My latest post discusses the subject of sensory task activity analysis, I hope you find it interesting.
When working with children and/or young adults in a school or play environment as a teacher, support assistant or therapist, we are presented with many things that we have to address to help them learn. We of course want our teaching activities to be fun, interactive, beneficial, and therapeutic. How can we make an activity all of these things at the same time and how do we know what we are addressing? This can be challenging. I know it is for me at times. Therefore, I remember a project that I was given when I was studying to be an Occupational Therapist. My professor at the time gave us the challenge of listing all the therapeutic skills we could address with a toy, game or anything that looked fun to us from a toy store that we picked out. We had to do a task analysis. It was a great activity to do and made me realise that everything that we do has a therapeutic value to it. We just need to stop and think about it, we can have fun using all the equipment, games and toys that we want to use. We can inspire the children that we work with to have fun and learn and at the same time address the skills that we need to. Make it fun, therapeutic and beneficial for all! Do a task analysis!
Think about your work in a sensory room with your users. You may get bored with the things that you do every day in there however if you stop and really think about all the skills you are addressing when using the room it can inspire you to do so much more!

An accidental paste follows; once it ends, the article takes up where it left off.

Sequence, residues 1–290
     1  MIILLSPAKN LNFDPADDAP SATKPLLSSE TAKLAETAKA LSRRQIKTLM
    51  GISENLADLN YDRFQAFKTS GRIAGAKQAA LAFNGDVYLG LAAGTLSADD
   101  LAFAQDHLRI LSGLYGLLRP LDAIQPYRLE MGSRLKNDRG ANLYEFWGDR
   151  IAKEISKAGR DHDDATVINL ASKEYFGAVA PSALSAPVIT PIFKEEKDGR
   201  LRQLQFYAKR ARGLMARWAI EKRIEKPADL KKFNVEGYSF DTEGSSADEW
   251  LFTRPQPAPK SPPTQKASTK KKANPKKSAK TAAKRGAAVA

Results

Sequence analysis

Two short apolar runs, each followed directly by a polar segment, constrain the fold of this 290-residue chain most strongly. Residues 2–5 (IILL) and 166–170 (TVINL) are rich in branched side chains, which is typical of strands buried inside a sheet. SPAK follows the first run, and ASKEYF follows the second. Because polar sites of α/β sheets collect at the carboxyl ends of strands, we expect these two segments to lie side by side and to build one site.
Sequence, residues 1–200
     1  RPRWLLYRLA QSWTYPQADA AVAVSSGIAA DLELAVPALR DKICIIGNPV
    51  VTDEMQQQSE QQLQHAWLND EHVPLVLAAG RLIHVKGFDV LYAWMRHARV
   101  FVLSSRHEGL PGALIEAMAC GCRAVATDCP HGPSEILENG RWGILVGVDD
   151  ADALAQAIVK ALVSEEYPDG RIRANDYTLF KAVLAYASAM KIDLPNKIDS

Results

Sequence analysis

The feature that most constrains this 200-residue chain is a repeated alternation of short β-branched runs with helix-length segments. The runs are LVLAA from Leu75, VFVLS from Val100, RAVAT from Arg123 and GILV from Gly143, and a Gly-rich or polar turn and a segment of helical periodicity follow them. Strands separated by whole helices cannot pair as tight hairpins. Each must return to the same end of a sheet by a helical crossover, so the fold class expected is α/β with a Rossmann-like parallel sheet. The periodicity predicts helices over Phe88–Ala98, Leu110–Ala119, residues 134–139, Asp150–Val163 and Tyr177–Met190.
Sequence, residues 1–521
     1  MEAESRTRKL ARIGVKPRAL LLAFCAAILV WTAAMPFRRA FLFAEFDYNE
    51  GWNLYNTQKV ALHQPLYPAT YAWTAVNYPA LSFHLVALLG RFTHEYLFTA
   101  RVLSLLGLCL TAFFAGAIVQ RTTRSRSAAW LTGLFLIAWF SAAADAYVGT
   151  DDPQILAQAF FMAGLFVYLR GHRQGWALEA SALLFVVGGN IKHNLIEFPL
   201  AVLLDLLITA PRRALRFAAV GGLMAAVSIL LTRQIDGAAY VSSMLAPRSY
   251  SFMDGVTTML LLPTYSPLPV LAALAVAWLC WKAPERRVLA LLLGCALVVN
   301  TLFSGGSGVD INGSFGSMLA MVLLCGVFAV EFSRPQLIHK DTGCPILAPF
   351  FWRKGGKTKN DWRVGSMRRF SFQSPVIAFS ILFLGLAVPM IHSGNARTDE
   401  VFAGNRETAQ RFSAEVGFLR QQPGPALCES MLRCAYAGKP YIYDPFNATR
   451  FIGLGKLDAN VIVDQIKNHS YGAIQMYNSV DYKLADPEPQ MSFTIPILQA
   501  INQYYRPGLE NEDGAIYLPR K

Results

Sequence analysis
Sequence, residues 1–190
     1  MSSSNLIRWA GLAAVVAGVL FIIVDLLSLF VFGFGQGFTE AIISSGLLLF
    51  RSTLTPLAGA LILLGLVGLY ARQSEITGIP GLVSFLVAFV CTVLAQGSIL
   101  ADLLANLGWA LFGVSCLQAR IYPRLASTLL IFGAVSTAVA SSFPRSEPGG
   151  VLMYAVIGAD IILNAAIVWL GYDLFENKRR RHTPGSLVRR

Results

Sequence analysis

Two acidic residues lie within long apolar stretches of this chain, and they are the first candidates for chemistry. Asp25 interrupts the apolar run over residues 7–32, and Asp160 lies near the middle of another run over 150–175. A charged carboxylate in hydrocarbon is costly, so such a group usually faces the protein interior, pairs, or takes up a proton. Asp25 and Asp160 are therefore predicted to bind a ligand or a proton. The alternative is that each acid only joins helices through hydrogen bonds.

Here are a few examples of a task analysis:
A simple matching game: With this you are addressing fine motor skills (i.e. grasp patterns, in-hand manipulation), visual skills, memory, and recognition. Not limited to just these skills.
A simple throwing and catching game with a ball: With this you are addressing gross motor skills and eye-hand coordination. Not limited to just these skills.
If you are using a bubble tube in a sensory room that is controlled by remote control such as an IRiS Colour Selector Deluxe you are addressing fine motor skills to use the remote, cause and effect to turn the bubble tube on and off, colour recognition if you are changing the colour of the water and asking the user to name the colour.
Let’s become re-inspired to find ways to use the equipment we use on a daily basis whether in a sensory room, classroom or at home by thinking of all the skills you are addressing and working on while doing the fun activities that helps us teach the children we work with. Do a task analysis and have fun!
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Jessica Brown - Occupational Therapist